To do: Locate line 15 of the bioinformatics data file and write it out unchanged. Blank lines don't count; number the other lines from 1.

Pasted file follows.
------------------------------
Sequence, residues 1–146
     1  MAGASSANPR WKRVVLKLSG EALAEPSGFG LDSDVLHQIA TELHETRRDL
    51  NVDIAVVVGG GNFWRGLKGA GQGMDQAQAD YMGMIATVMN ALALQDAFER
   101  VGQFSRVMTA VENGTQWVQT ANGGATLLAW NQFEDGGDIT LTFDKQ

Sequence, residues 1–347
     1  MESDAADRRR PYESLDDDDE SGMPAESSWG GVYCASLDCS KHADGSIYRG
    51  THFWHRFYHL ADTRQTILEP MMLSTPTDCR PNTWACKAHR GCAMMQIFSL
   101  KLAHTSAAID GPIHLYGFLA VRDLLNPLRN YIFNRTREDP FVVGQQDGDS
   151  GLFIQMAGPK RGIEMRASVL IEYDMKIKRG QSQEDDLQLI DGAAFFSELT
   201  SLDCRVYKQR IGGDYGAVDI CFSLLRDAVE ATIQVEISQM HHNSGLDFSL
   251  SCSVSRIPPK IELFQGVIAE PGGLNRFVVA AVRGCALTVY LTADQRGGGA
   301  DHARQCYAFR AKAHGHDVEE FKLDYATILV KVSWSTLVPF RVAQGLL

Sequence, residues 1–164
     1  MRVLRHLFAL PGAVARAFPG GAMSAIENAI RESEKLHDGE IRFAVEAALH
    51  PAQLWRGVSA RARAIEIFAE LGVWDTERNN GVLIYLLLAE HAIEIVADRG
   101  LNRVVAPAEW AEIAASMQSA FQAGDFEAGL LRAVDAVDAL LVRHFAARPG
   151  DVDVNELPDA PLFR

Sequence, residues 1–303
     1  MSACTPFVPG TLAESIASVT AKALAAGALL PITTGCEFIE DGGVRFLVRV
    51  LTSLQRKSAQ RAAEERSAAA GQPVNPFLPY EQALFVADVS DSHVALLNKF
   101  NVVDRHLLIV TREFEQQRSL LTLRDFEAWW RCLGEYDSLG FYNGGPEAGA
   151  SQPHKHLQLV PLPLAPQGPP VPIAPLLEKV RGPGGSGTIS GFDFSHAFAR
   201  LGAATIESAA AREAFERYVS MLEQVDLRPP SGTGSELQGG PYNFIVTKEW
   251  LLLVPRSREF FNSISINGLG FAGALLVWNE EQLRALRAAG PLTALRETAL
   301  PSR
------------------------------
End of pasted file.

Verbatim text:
    51  PAQLWRGVSA RARAIEIFAE LGVWDTERNN GVLIYLLLAE HAIEIVADRG